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Monday, May 30, 2005

Song Without Words

I am writing this entry while listening to Felix Mendelssohn’s Song Without Words. This has been one of my favorite classical pieces, perhaps because of the solitary sound of the piano, which sets me in a rather reflective mood. The title itself denotes a sense of elusiveness and enigma. No words are used, the emotion and message of the song are expressed in piano music.

The piece is a good background music while I write this blog entry… the first I shall write without pictures. I know that in my previous entry, I said that I cannot write well without good photos. Thanks to Pastor Bong who lent me his book, Under The Tuscan Sun, I discovered how words without pictures can stimulate my imagination. I was fascinated at how Frances Mayes described her vintage house in Tuscany, and how my imagination flowed with images of quaint furnitures, the scent of apple trees and the sound of people's laughter. You will fall in love with the place just by reading about it. No need for pictures, only words. (I hope never to return that book… maybe Pastor Bong will just give it to me as a birthday gift, hehe.. hint… hint…)

I now realize that the absence of something explicit makes a work of art - such as a musical piece or a classic novel - beautiful.

I celebrated my birthday today without a party, and even without company. This has been my practice ever since I turned twenty. Some people ask me how come I like spending my birthdays alone. It is not because I don’t want company on this special day – I was actually blest with so many text greetings (I woke up and found more than 20 text messages in my cellphone inbox, and that’s not even half the greetings I received today!) – but it is in the absence of company that makes me all the more appreciative of the friendships I have. I had time to thank God for all the wonderful people He had brought into my life: there are new friends and acquaintances – people whom I met at this stage in my life, adding to my joy as I embark on this journey of getting to know them; and there are my loved ones and life-long friends – those who have been with me in this journey since time imemorial, who have come to know me inside out, and have accepted the person that I am.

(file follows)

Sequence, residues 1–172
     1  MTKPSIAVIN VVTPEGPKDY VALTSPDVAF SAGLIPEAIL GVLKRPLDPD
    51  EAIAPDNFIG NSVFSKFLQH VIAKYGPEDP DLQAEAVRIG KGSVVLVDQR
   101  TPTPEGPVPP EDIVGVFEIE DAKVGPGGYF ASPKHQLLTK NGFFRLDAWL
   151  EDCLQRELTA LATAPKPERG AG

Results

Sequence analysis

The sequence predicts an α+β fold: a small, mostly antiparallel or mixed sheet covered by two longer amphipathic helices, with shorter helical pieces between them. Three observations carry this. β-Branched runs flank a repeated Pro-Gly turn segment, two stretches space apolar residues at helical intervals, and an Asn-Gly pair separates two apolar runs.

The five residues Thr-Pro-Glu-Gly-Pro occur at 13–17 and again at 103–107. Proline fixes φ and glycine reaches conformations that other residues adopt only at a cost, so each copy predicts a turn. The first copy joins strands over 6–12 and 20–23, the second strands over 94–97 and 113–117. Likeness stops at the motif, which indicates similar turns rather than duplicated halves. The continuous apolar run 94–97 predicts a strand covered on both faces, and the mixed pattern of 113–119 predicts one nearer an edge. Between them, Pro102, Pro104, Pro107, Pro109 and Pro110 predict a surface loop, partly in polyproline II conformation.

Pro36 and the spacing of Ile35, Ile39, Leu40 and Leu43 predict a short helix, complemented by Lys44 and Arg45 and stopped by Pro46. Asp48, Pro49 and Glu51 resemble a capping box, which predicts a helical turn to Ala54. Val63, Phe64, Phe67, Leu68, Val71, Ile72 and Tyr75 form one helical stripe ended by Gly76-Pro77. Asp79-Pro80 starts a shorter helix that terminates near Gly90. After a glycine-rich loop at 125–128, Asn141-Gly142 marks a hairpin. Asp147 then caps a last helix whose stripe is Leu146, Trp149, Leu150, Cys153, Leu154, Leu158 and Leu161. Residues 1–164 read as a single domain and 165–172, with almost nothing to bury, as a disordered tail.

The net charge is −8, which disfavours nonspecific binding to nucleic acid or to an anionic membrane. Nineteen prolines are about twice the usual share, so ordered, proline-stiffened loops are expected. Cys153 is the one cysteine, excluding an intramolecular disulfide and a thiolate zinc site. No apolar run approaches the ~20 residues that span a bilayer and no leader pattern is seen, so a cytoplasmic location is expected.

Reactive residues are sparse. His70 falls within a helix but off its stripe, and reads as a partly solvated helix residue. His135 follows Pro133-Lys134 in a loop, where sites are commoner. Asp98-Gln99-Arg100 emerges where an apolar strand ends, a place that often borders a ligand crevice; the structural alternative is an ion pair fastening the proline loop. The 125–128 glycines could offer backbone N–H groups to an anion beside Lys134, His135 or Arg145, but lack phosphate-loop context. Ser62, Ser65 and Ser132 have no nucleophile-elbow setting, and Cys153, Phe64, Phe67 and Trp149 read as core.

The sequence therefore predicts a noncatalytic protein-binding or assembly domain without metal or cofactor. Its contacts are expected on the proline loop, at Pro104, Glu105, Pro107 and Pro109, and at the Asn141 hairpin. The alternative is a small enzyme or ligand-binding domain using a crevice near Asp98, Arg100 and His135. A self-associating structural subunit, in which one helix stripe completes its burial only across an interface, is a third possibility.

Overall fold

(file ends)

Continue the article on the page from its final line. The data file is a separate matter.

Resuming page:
Now, as I think about it… I wouldn’t have appreciated the magic and emotion in Mendelssohn’s piece had he placed words with the music. I wouldn’t have been fascinated by the images of Tuscany in my mind had Frances Mayes placed pictures in her book. I wouldn’t have cherished my friendships as much as I do now had I not spent solitary times to reflect upon them.

And, I wouldn’t have written this blog had I looked for a good-enough picture for this entry. I’m glad I didn’t have to.